D.A. Urged to Investigate SR Diocese
Victims' Group Asks Passalacqua to 'Seriously Consider' Charges against Bishop, 3 Other Officials
By Lori A. Carter
The Press Democrat [Sonoma CA]
July 7, 2006
A group of sexual abuse victims Thursday urged Sonoma County prosecutors to "seriously consider filing charges" against four Catholic diocese officials whose delay in reporting alleged sexual abuse by a Sonoma priest may have allowed him to flee to Mexico.
Standing on the courthouse steps, members of Survivors Network of those Abused by Priests, or SNAP, implored District Attorney Stephan Passalacqua to investigate why it took Santa Rosa Diocese officials at least four days to report to authorities admitted sexual misconduct by fugitive priest Xavier Ochoa.
"We're here to beg him to make more aggressive efforts to prosecute this admitted child molester and church officials who knew what happened and failed to ... follow the law and call police," SNAP spokeswoman Mary Grant said.
Ochoa's "escape from justice may have been helped by five or more church employees," she said.
The four officials singled out by the group were Bishop Daniel Walsh, Msgr. James Pulskamp, the Rev. Frank Epperson and the Rev. Daniel Whelton.
In a related development at the courthouse, an attorney representing the three alleged victims said there may be as many as 10 other people molested by Ochoa.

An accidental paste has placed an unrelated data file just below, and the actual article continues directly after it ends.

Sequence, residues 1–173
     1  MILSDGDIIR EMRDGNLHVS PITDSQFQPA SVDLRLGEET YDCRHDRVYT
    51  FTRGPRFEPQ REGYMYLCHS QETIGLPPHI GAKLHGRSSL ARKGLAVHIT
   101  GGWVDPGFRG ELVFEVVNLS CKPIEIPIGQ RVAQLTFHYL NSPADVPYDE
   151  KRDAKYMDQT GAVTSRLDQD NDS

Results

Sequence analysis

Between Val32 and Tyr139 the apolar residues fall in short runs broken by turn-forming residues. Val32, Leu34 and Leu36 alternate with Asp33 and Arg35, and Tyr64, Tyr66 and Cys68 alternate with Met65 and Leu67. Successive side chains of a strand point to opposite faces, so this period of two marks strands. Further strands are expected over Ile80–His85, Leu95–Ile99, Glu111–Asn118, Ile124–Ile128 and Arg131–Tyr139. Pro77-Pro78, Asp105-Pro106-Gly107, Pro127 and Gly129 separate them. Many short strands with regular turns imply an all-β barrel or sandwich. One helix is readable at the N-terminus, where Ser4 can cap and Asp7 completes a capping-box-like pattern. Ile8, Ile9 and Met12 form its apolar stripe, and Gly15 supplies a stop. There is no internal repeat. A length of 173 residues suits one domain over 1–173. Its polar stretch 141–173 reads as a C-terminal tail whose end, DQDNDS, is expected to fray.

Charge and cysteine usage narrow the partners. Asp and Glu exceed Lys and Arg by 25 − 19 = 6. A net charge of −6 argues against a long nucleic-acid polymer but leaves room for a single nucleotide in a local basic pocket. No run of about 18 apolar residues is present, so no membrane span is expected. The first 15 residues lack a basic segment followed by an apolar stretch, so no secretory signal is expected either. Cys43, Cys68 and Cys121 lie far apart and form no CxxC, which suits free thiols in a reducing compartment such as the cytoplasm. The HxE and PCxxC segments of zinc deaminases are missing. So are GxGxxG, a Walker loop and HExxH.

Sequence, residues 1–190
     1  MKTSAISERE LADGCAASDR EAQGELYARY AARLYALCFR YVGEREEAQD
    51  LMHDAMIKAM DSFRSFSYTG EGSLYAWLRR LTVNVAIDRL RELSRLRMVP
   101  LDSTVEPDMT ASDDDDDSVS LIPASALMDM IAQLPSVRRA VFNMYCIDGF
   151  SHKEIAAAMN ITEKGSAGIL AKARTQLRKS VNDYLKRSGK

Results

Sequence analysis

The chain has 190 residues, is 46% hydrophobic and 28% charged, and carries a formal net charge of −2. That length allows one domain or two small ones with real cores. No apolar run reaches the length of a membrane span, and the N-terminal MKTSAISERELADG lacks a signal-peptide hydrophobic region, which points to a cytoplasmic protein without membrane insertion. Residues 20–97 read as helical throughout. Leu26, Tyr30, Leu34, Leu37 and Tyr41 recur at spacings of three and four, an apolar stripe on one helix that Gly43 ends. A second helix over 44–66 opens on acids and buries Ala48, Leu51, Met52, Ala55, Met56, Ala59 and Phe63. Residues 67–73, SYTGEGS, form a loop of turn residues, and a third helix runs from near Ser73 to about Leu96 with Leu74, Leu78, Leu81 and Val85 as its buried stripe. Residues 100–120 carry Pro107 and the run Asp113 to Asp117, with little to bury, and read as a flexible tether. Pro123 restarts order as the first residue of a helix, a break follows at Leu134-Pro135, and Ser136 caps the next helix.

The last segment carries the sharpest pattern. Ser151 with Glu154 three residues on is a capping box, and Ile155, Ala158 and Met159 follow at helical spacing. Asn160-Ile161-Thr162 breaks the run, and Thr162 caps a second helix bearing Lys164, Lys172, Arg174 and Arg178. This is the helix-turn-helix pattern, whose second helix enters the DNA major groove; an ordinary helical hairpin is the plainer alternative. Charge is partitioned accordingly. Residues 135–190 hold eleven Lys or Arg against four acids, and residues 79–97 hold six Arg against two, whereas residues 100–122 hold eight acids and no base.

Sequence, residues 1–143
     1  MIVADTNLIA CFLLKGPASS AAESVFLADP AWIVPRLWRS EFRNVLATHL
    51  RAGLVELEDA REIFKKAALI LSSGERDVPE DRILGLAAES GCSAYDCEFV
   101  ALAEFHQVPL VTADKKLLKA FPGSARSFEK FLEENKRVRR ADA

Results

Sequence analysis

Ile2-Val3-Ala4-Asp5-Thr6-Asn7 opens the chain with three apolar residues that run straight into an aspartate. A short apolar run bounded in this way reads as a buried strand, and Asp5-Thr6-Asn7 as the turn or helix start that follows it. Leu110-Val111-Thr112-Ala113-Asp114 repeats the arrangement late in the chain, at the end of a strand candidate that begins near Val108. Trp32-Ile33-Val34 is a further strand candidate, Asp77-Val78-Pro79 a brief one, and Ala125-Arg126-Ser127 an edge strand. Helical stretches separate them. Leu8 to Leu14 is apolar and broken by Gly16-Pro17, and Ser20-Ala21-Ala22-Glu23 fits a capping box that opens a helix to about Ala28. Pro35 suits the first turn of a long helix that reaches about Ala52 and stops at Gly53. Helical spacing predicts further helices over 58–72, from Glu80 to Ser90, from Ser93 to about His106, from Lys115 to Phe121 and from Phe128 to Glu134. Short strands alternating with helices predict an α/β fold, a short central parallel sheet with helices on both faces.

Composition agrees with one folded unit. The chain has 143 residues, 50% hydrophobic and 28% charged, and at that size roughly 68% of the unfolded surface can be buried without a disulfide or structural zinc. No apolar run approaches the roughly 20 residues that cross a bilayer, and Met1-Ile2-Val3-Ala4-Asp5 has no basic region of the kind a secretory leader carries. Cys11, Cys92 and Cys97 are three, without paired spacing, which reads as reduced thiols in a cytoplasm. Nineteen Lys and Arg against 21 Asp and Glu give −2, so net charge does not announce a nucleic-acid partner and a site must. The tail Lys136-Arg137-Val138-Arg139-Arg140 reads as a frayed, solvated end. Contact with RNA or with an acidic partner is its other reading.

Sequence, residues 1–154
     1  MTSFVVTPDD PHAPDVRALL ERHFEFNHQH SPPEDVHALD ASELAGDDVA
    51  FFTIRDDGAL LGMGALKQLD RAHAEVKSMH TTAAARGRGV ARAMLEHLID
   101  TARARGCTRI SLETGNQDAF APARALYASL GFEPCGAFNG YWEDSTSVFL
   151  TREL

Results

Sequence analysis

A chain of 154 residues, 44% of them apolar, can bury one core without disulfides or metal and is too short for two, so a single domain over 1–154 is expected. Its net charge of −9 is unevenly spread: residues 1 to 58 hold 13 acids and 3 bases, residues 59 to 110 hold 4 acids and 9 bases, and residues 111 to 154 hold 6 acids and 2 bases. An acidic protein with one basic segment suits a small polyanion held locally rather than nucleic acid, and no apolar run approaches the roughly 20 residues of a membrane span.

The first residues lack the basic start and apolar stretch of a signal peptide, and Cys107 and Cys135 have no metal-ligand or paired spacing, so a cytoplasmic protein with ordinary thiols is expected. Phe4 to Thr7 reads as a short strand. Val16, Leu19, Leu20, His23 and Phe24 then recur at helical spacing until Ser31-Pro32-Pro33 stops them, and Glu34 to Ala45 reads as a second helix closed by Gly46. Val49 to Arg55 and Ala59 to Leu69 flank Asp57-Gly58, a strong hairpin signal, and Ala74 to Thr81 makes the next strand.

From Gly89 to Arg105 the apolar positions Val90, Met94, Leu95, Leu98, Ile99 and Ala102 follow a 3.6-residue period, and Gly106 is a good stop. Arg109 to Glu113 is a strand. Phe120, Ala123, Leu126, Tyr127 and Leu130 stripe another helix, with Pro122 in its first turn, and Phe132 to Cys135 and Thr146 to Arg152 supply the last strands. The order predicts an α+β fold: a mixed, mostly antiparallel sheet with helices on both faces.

Without providing details, Santa Rosa lawyer Michael Fiumara accused the diocese of offering people money and gifts in return for not reporting incidents involving Ochoa.
"People, representatives of the church, are calling day and night," he said. "This needs to be investigated. I supported Stephan Passalacqua in the election. I want to see vigorous prosecution."
Fiumara asserted the diocese has letters going back to 2001 from one victim's family complaining about Ochoa's conduct.
"The bishop is a lawbreaker," Fiumara said. "We have letters to the bishop saying, 'We want this man to stay away from our family.' "
Walsh consistently has refused to answer questions about abuse by the clergy, and on Thursday he did not return phone calls placed to his office. Diocese spokeswoman Diedre Frontczak categorized Fiumara's comments as a "pretty wild statement,"
"It's the first I've heard of it, and obviously that isn't the church policy," she said. "If there's a charge of some kind, something more specific, I could respond to it, but there's nothing in that to answer."
Sonoma County Sheriff's Sgt. Dennis O'Leary said Thursday his investigation has not turned up more victims.
Ochoa, 67, is believed to have fled to Mexico. A no-bail warrant has been issued for his arrest on 10 felony child-sexual abuse charges involving three victims.
State law requires certain people, including doctors, nurses, teachers and clergy members, to report child sexual abuse "immediately or as soon as is practicably possible by telephone" and to provide a written report within three days. Failure to comply with the law is a misdemeanor punishable by up to six months in jail and/or a fine of $1,000.